A New German Anti-Semitism Rears Its Ugly Head
(Bloomberg Opinion) -- As Israelis and Palestinians keep clashing in the Middle East, their conflict also spills onto streets from Canada to France and the U.K. But nowhere in the West is the strife more excruciating than in the nation that once perpetrated the Holocaust.
In recent days, thousands of protesters have thronged the streets of several German cities, shouting abuse not only at Israel but also against Jews in general — and using tropes of anti-Semitism too vile to repeat here. At one rally, an Israeli woman who is a journalist was physically attacked. And although these were diverse mobs, many marchers were young Muslim men of Arabic background, whether they had German citizenship or not.
The reaction from mainstream German society was swift. Public figures and politicians across the party spectrum emphasized that while criticism of Israel and its policies is covered by the freedom of speech, hatred of Jews is unacceptable and intolerable.
Even the far-right Alternative for Germany, a party often suspected of pandering to both anti-Semitism and anti-Muslim xenophobia, spoke out, twisting the circumstances to serve its ugly purposes. If we’re serious about fighting anti-Jewish prejudice, said Alexander Gauland, one of its leaders, we have to “stop uncontrolled Islamic mass immigration and deport the criminals.”
Gauland’s logic takes a demagogic turn. Nonetheless, he put his finger on one of the most sensitive topics imaginable: the fraught psychological geometry between Germans, Jews and Muslims. What makes this triangle so agonizing — and leaves so many Germans groping helplessly for appropriate words and emotions — is the legacy of the Holocaust.
Postwar Germany was built in large part on atonement for Auschwitz. Germans drew two main lessons from their national crime. For a long time these didn’t conflict, but nowadays they do.
The simpler lesson of history was: Never again discriminate against Jews, and help protect them wherever they are, whether in Berlin or Tel Aviv. You could call this the particularist form of remembrance and responsibility.
But there was also a generalized version: Never again discriminate against any minority, and give succor to the oppressed wherever they are, whether in Berlin or Gaza. In this form, the moral imperatives of German atonement cover Muslims as well. I vividly remember such sentiments in my conversations with Germans during the refugee crisis of 2015, when the country — at least for a while — prided itself on its “welcome culture” toward the arriving Syrians and Afghans.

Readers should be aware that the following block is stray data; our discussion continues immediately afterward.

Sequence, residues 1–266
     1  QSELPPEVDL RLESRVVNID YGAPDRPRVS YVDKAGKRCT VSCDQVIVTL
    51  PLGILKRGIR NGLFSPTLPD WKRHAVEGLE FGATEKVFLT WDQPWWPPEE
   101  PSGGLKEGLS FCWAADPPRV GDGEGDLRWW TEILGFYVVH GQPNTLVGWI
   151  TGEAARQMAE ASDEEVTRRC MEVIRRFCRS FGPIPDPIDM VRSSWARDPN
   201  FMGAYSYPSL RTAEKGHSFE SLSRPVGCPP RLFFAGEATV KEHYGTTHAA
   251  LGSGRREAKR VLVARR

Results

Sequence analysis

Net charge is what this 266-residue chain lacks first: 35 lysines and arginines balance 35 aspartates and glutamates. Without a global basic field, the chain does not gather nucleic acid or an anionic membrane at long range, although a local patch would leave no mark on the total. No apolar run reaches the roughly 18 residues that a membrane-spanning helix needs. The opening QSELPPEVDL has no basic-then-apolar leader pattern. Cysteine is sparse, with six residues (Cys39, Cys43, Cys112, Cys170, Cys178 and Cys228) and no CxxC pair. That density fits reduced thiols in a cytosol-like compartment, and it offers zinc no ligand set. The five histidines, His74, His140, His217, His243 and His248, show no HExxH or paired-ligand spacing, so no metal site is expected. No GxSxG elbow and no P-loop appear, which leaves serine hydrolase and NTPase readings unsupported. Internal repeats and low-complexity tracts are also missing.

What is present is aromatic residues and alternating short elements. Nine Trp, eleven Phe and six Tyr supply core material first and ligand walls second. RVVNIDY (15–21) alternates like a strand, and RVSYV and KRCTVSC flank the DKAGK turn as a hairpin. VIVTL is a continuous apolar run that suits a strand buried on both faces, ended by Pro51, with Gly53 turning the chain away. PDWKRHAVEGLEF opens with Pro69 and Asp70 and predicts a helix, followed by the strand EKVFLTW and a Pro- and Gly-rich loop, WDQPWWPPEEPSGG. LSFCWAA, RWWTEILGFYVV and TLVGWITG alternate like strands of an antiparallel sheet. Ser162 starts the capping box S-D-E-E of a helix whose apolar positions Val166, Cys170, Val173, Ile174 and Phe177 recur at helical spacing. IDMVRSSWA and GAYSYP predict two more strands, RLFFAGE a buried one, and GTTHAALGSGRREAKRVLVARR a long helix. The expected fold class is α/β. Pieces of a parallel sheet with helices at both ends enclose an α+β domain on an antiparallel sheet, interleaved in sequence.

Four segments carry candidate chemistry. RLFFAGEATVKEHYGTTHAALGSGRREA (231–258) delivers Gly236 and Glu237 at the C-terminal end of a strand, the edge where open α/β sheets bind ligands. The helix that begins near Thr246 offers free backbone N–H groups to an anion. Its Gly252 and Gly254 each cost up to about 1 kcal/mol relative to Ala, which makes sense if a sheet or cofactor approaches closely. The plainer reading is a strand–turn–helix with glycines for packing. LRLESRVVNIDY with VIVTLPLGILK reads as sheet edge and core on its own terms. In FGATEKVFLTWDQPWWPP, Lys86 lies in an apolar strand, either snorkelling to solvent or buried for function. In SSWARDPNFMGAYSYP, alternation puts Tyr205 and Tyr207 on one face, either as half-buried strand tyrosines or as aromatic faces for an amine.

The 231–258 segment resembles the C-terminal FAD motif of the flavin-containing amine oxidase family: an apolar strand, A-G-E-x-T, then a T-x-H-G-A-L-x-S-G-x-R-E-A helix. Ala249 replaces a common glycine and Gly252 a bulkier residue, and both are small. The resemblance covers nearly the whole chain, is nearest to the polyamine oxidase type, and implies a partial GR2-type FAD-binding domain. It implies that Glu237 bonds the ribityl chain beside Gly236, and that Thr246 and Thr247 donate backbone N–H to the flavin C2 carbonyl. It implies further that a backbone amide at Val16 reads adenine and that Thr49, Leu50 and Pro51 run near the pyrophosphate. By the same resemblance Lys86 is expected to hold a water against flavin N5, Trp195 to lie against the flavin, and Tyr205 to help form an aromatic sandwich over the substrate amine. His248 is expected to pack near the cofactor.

This national moral compass hasn’t eradicated endemic anti-Semitism and prejudice, however. Researchers at Leipzig University found that xenophobia has declined, but lingers. In what used to be West Germany, it decreased from 21.5% to 13.7% of the population between 2018 and 2020. In the formerly communist East, where Germans largely missed out on the postwar atonement culture, it waned from 30.7% to a still disheartening 27.8%.
More specifically, more than one in four Germans still agreed with the statement that Muslims should be banned from immigrating to Germany. And anti-Semitism, overt or subtle, remains unnervingly widespread among Germans overall (see charts).
Even if prejudice among ethnic Germans is stable or trending down, its manifestations appear to be growing more violent. Many Jews report feeling less safe. The most shocking incident, on Yom Kippur in 2019, was an attempted massacre by a white supremacist in a synagogue in the eastern city of Halle. He failed to break down the barricaded door, but he then randomly gunned down a woman and a man elsewhere.
Germans have no problem denouncing their native-born anti-Semites, but the imported strain presents new problems. For a long time, the German mainstream didn’t know how to label or discuss the prejudices and misogyny that some Muslim immigrants brought with them.
To point the finger too bluntly at Muslims from Arab cultures would be unfair, because most Muslims are neither anti-Semitic nor misogynist. It would also be a sin against the generalized lesson of the Holocaust — never again discriminate or stereotype.
And yet, after the ugly scenes this week, many mainstream politicians are now overcoming the customary German reticence in discussing these matters. A leader of the center-right Christian Democrats bluntly observed that German anti-Semitism now has three main sources — the far right, the radical left, and some Muslim immigrants — and that all three must be fought equally. Armin Laschet, the party’s boss and candidate for chancellor, averred that all Germans, including Muslims, share in the moral legacy of the Holocaust.
If anything good is to come out of this latest round of conflict, it may be that Germans of all faiths will now renew their collective effort against prejudice, but with more honesty — and that people in other countries do exactly the same.
This column does not necessarily reflect the opinion of the editorial board or Bloomberg LP and its owners.
Andreas Kluth is a columnist for Bloomberg Opinion. He was previously editor in chief of Handelsblatt Global and a writer for the Economist. He's the author of "Hannibal and Me."
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